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CCG/6145 Concept of Operations
COVID-19 Infectious Disease Training Strike Team

Original: 2020-04-02 Revised: n/a Approved by Julie Gascon, Director General, Operations, on April 2, 2020.

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Published under the authority of:

Operations Directorate
Fisheries and Oceans Canada
Canadian Coast Guard
Ottawa, Ontario K1A 0E6

1st edition


© Her Majesty the Queen in right of Canada, 2020

Available on the Coast Guard intranet site

Disponible en français :
COVID-19 Équipe de frappe pour formation sur les maladies infectieuses
MGCE no 4148734

1. Introduction

In accordance with National Standard Operating Procedures (NSOP) to protect Canadian Coast Guard (CCG) personnel, national headquarters has identified the need for specialized COVID-19 Training Strike Teams (COVID-19 TST). The COVID-19 TST will train higher risk rescue specialists and other delegates in appropriate infectious disease case management. COVID-19 infections are, at this stage of the pandemic, concentrated in areas with larger populations. However, cases have begun to spread throughout the country. The training teams should be led by Search and Rescue (SAR) programs, with the rescue specialist training coordinators being the preferable choice.

Where health officers are available they will provide support to develop training and support the strike teams as appropriate.

2. Purpose

This team will provide two critical capabilities.

2.1 Initial training

They will, in the initial phase, be responsible for delivering training to front-line rescue specialists and seagoing personnel. The training will improve the readiness and capability of the CCG to protect its own personnel while delivering critical public safety services.

2.2 Enhanced support

The teams will add additional support to carry out the requirements of the NSOPs for vessels, helicopters and facilities.

Subsequent to, and during, the training phase, the team will be available to respond when requested to assist with evacuation of CCG personnel/patients utilizing helicopter transport or by road if necessary.

3. Methodology

Training for rescue specialists and other delegates will take into account the new guidelines for social distancing or technologies that will limit the amount of personal contact. The training should cover the basics of potentially infected patient care tactics, donning and doffing of Personal Protective Equipment (PPE), transport and quarantine tactics. The strike team should receive the following training:

4. Training priorities

The priorities for initial training should be set by the regions taking into account their overall operational requirements. These priorities should be linked to COVID-19 case densities, general tempo of the units to be trained, and historic information regarding number of SAR calls and medical evacuations.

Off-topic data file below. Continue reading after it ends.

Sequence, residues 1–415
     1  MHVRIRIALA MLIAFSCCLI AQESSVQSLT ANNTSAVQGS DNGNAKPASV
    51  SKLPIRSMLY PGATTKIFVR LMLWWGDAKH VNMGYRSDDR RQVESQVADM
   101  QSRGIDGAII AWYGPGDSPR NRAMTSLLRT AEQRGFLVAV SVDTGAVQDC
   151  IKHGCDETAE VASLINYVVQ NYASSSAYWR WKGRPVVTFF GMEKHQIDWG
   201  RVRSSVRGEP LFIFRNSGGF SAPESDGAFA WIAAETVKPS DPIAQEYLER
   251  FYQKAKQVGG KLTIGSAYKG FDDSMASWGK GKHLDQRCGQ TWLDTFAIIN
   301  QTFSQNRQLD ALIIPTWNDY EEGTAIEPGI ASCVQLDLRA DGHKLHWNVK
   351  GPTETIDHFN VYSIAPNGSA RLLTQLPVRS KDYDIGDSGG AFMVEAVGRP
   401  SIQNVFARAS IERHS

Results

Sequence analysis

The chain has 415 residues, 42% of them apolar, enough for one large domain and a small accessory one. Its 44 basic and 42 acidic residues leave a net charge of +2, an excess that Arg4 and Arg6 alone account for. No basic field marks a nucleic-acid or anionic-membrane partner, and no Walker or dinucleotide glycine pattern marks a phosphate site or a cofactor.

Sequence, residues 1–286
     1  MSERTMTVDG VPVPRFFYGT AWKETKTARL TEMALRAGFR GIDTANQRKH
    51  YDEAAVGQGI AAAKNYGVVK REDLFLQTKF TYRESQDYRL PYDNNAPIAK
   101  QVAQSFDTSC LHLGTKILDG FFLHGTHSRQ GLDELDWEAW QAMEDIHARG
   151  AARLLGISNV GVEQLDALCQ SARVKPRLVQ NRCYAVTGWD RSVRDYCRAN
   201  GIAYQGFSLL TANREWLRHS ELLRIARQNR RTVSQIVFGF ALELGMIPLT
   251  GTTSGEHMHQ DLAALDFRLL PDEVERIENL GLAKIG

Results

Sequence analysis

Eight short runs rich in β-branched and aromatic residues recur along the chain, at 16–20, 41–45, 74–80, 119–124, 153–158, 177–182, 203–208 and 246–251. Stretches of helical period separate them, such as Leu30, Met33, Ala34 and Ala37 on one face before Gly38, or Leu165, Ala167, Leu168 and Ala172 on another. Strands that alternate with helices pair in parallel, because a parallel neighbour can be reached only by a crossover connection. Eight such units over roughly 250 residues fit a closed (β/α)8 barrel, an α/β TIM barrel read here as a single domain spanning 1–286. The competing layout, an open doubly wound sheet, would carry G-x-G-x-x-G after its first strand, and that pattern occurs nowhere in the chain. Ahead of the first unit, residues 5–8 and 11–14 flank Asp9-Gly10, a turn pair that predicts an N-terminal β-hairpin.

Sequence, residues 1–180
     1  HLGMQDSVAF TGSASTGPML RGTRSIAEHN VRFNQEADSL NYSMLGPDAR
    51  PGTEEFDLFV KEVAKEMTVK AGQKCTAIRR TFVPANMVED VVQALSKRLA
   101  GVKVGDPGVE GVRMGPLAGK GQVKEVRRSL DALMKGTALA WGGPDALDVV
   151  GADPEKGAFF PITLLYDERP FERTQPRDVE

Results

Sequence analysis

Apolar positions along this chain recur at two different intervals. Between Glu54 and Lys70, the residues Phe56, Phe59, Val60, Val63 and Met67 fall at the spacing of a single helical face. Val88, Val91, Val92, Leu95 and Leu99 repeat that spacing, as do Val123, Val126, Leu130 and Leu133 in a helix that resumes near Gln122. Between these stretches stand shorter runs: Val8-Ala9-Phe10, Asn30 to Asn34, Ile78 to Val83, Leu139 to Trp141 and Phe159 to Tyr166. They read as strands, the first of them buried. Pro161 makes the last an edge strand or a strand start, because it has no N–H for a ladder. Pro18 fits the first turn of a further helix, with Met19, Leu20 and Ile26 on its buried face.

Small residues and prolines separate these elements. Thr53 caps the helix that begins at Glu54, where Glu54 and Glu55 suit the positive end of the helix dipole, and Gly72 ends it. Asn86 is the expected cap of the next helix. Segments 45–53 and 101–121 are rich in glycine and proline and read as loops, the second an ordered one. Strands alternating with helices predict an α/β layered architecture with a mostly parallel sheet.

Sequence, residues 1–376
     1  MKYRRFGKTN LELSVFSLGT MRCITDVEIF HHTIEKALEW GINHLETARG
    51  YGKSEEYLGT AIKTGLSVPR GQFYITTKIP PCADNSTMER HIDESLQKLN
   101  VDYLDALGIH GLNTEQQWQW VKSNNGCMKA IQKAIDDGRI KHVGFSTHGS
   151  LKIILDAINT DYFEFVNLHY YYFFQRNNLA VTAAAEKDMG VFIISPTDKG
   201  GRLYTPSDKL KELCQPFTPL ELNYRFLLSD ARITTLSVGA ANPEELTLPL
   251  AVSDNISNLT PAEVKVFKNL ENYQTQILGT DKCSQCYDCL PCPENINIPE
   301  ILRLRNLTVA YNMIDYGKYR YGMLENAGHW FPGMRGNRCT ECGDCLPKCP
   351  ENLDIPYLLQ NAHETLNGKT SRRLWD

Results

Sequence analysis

5. Phases

5.1 Phase 1

Each region should determine the number of strike teams to carry out this program within there area of operation. Regions should select launch sites for this new training initiative and should take into account population densities and locations where there are COVID-19 outbreaks.

Training should take into account the role of screening both CCG personnel and non-CCG personnel.

5.2 Phase 2

The lead trainers should look to onboard additional trainers from other areas of the CCG, leading to the capability to deploy multiple strike teams. The number of teams available will allow for time off and some capacity to support phase 3 emergency operations.

5.3 Phase 3

Eventually, the strike teams should be able to respond to significant COVID-19 cases as required.

6. Challenges

Training will have to take into account the new guidelines on social distancing. The option of online training may also face additional challenges due to ongoing network availability issues.

Training all rescue specialists to an acceptable standard to handle infectious disease is a huge undertaking due to geographical issues, shifts, vessel deployments, the technical nature of the issue and limited PPE. If a rescue specialist becomes ill due to sub-standard practices, they could infect the entire vessel/station.

Decisions respecting the deployment and after action management of a rescue specialist team respecting a potential COVID-19 case will be informed by the guidance prescribed from the Public Health Agency of Canada.

The training schedule may pose fatigue challenges for the lead trainer(s) in the early stages of phase 1. Consequently, the delivery timelines and tempo for initial training may require to be relaxed.

Air transport schedules have been impacted by COVID-19. Therefore, CCG aviation resources may need to be employed to move the trainers around.

7. Benefits

COVID-19 strike team trained personnel will be able to support the requirements of the NSOPs for CCG vessels, helicopters and facilities.

COVID-19 strike team trained personnel will have the capacity to care for infected patients for long term voyages and to properly disinfect spaces, which will reduce the impact on CCG programs and increase safety for the work force.

COVID-19 strike team will have advanced medical training that will lessen or eliminate the need for inter-agency partners to enter contaminated areas.

COVID-19 strike team will have the capacity to respond to future pandemics and train more personnel where required.

8. Conclusion

The establishment of these COVID-19 strike teams will gradually reduce risk to CCG employees and programs during the current pandemic, proving the benefits and risks for future pandemic response by the CCG. This Concept of Operations will strengthen the readiness and resilience of the CCG across the country.

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